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It has been 50 years since Pres Lyndon Johnson launched the War on Poverty. Here’s our take on the on-going battle.

It has been 50 years since Pres. Lyndon Johnson launched the War on Poverty. Here’s our take on the on-going battle.

Are we winning or losing the war?

Pignanelli: “Wars against nations are fought to change maps; wars against poverty are fought to map change.” – Muhammad Ali

In the 1960s our country needed to protect those falling through the cracks of the free market system. Most states were dilatory in protecting residents against racial discrimination, impoverishment and environmental disaster. The job defaulted to the Feds. Every American, regardless of political affiliation, should be proud that our nation rejected the starvation and disease afflicting fellow citizens.

Since then, poverty was reduced and millions of lives improved. Yet, simultaneously our economy expanded. Many crucial battles were won. But what worked decades ago, may be unsuitable in the 21st century. As with any military campaign, tactics must to be altered, new weapons developed and a different approach to attack the enemy to ultimately win the war. I passionately believe in the noble ends to eliminate destitution, but the means must be amended. This may include block grants to states, private-public partnerships, incentive-based mechanisms, vouchers, etc. The fight must continue.

Webb: Dealing with poverty goes right to the heart of the proper role of government. Has the welfare “safety net” helped millions escape the horrors of poverty? Or has it trapped millions in cycles of dependency with little hope of avoiding intergenerational poverty?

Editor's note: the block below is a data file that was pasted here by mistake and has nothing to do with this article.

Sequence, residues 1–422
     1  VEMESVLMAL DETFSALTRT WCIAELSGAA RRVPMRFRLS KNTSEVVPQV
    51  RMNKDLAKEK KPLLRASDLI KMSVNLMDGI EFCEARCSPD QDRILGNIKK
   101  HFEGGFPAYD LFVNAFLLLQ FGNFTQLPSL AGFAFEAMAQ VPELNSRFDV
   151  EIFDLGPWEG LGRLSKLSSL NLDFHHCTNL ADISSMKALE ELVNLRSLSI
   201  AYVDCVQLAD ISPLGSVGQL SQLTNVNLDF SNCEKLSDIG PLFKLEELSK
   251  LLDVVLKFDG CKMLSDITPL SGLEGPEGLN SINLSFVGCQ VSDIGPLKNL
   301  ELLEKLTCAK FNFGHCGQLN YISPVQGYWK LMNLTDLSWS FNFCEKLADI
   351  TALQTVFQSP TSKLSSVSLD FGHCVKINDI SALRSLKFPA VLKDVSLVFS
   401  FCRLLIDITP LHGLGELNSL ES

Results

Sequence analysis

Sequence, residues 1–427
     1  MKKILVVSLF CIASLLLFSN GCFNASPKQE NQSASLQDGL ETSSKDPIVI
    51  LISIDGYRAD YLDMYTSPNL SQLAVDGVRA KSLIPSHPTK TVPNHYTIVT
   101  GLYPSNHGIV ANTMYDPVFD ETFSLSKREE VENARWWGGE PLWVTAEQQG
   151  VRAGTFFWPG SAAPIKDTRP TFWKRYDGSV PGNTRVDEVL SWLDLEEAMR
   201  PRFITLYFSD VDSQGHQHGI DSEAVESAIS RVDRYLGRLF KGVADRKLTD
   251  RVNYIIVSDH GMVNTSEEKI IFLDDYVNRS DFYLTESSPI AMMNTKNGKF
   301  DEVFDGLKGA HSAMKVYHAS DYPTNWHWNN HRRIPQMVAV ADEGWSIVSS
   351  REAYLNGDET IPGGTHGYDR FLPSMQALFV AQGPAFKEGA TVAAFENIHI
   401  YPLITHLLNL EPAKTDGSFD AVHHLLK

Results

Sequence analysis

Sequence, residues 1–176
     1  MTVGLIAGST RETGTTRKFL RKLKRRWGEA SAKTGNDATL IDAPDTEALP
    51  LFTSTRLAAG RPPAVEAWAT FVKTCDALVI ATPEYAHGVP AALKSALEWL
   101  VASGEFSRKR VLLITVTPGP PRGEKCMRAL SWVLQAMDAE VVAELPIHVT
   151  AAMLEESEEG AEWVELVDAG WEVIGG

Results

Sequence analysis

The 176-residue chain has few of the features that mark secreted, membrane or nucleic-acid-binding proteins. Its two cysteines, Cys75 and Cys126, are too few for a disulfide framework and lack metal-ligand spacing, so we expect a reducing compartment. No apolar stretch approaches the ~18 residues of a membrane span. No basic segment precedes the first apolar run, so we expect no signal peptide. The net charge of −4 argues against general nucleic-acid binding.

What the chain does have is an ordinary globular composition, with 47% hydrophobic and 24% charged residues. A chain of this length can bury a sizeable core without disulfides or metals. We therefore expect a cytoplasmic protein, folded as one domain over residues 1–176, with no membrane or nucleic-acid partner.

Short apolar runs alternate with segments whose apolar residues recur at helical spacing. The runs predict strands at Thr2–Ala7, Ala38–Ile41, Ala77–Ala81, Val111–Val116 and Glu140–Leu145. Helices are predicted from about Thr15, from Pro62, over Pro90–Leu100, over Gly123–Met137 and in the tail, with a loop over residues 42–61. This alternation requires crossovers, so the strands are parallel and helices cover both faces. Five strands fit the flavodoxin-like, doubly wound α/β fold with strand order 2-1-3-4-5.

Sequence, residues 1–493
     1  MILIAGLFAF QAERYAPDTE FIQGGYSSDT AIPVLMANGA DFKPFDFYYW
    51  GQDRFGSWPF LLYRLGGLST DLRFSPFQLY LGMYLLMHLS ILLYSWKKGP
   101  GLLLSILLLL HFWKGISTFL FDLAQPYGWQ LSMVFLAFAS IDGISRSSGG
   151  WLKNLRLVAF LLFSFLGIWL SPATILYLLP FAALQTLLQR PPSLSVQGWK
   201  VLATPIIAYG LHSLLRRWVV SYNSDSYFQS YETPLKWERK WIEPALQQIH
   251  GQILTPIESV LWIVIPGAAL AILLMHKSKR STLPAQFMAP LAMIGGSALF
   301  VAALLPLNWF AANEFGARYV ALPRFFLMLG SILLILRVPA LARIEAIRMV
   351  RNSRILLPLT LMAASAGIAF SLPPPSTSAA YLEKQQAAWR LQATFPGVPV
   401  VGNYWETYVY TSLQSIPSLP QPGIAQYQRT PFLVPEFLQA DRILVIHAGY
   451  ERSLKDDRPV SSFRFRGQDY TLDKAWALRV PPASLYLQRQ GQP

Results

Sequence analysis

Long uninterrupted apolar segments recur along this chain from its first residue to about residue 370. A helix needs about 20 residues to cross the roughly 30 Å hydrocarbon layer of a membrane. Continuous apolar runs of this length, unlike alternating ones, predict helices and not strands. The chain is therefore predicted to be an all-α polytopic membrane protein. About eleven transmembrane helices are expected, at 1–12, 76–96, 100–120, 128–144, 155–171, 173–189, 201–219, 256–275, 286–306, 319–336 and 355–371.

Certainly, it’s some of both. The experts say the poverty rate has declined from 19 percent in 1964 to 15 percent today. This 4 percent improvement has been financed by borrowing trillions of dollars, leaving a $17 trillion (and growing) debt to our children and grandchildren, in addition to another $75 trillion or so in unfunded liabilities in pensions and large entitlement programs.

We have fought the war on poverty by increasing the size and reach of government, extending many benefits even to middle-class Americans. And despite the best efforts of government, millions of people can’t escape generational poverty thanks in part to the collapse of family structure and support. Young men growing up without fathers, and young girls having babies with little family support, have a hard time escaping the cycle of government dependency.

Certainly, millions of Americans have benefited over the last 50 years from food stamps, education grants, housing subsidies, Medicaid, Medicare, Social Security, unemployment benefits and so forth. But it has come at a cost to individual responsibility, and pro-growth policies and tax rates. The thorny long-term challenge is that the great pillars of the welfare state — Medicaid, Medicare and Social Security — are unsustainable under current tax and benefit levels. Taxes must be increased and/or benefits reduced or these programs won’t be there for our grandchildren.